He was deciding where to drop his drawers in some out of the way place.

"Stay exactly where you are and keep an eye out," he grumbled. "You understand? Keep an eye out! If not . . . "

She stood there saying to herself and thinking just as much: "Ruthless Bou Benani, I'll stay right where I am." Sarcastically, and thinking just as much, "A murderer, a rapist, but he can't say I'm going to take a shit, he says I'm going to get a little air."

She fired off a short round at his feet.

An AK-47, she'd learned from experience how to handle one.

"Just shit right where you are. It won't bother me! I've seen worse things, don't you agree?"

The great leader let out an Aaah! The cry went bouncing off everything across the countryside, except the echoes. He fell flat on the ground and bit the thin snow on the slope from where he looked down at the girl. And then, he shut his fat mouth, that's the smartest thing he could have done; he was holding his ankles and squirming his ass around.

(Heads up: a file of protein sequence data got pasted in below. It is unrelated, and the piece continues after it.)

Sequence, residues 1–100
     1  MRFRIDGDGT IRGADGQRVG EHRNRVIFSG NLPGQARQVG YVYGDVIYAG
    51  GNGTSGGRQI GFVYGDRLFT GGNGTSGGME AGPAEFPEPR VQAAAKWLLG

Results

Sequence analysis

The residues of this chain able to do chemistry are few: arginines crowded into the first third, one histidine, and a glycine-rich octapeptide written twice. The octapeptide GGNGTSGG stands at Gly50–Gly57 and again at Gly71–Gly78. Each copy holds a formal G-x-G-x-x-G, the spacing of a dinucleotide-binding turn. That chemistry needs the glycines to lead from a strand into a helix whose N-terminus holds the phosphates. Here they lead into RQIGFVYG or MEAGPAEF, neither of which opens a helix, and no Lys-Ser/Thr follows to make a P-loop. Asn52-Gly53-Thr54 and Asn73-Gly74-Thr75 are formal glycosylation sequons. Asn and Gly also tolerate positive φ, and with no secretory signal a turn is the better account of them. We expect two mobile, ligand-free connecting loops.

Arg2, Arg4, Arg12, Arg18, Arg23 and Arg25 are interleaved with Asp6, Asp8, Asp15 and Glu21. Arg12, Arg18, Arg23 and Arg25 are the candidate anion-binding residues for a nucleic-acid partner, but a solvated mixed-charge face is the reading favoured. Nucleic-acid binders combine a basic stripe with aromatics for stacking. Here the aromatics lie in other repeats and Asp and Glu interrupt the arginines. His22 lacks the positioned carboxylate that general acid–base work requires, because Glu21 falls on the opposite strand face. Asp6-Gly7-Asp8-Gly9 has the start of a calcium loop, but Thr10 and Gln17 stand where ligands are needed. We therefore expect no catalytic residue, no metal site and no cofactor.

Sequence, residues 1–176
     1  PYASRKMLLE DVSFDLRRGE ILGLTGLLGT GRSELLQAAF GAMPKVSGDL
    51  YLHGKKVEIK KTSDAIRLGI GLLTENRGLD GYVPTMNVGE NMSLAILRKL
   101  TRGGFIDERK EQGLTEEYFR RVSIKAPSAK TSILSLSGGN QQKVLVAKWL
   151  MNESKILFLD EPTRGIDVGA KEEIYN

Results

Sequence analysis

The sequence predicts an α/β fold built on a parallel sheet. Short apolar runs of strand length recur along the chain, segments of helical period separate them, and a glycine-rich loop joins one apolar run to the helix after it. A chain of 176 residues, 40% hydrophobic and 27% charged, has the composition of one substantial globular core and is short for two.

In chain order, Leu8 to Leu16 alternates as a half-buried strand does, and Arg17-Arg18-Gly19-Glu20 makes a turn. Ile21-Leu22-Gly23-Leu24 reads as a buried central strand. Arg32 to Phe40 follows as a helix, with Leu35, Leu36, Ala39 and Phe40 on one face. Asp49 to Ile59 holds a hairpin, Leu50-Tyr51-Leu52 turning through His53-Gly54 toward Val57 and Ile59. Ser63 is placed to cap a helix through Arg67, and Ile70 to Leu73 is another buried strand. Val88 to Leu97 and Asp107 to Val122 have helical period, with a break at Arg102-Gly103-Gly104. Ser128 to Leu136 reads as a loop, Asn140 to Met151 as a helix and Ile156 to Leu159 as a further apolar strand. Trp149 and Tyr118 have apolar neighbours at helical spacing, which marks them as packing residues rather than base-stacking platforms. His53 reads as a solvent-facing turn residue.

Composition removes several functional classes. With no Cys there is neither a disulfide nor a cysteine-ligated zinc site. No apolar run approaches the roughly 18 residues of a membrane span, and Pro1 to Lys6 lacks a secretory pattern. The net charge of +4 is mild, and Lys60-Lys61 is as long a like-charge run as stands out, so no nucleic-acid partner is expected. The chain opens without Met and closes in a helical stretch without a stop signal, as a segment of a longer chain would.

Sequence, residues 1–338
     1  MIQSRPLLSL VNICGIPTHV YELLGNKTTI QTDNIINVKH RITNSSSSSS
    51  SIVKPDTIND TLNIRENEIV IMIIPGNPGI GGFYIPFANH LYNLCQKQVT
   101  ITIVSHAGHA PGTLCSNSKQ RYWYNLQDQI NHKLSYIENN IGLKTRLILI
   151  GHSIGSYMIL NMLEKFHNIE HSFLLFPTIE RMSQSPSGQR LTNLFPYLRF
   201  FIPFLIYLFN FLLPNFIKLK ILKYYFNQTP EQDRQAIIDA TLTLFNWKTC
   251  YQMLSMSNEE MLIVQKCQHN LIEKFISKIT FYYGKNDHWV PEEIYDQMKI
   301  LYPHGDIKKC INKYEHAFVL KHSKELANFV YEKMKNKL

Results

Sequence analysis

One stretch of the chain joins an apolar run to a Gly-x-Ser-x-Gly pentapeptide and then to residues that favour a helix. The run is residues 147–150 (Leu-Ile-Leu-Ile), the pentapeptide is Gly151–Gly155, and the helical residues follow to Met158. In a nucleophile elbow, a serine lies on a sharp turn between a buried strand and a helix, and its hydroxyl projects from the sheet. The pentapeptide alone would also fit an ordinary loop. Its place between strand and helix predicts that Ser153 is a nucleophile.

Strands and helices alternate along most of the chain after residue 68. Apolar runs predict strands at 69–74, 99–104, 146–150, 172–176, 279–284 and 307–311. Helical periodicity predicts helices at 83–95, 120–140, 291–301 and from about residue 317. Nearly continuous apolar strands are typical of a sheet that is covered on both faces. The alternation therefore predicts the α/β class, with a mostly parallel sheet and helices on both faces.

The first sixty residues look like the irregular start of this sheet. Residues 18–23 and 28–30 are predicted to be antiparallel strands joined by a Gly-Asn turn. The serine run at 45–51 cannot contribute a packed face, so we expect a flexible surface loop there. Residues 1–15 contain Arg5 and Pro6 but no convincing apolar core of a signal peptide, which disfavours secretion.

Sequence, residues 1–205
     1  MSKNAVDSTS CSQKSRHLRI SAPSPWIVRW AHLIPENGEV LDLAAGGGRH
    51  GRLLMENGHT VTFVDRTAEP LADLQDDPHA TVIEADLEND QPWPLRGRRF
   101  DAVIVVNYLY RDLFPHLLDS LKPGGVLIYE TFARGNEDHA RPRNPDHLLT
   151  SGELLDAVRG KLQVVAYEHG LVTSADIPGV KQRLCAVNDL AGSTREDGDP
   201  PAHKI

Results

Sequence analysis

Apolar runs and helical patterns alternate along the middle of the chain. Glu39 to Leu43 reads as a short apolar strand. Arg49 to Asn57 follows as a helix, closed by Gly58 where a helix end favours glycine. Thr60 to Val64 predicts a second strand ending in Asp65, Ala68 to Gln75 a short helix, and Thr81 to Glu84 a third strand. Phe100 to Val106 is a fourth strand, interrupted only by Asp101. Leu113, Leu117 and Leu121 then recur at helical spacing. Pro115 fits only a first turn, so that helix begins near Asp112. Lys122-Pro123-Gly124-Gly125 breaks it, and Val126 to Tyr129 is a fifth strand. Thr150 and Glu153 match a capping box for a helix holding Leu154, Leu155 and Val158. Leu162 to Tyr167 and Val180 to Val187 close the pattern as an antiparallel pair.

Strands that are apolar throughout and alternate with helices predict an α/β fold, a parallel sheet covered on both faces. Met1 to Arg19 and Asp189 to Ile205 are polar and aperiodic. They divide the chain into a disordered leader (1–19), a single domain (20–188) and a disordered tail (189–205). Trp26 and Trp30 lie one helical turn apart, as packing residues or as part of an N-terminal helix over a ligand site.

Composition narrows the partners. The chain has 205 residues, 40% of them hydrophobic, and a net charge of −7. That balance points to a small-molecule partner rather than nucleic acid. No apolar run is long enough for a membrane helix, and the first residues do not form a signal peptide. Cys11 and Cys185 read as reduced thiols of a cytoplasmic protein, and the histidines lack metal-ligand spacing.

The girl to herself: "This is my chance. My last chance. I shouldn't do it? Lord, it's now or never."

"Go ahead," she coaxed, "go ahead, do your business. Just go in your pants, who cares, this is war."

She had moved farther away to be out of his reach.

The old guy just sat goggling with those icon-like eyes of his, so impenetrable you couldn't imagine them reflecting or being clouded by any thought. "Even when he's cutting people's throats; even afterward. After he's lined up a row of corpses. Those eyes fringed with thick lashes like a woman's."